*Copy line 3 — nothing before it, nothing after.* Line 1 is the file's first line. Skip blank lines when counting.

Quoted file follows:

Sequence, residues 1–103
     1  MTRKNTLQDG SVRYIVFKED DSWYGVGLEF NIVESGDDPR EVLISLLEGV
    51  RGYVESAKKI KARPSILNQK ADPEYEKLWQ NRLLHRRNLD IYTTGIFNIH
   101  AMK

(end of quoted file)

    51  RGYVESAKKI KARPSILNQK ADPEYEKLWQ NRLLHRRNLD IYTTGIFNIH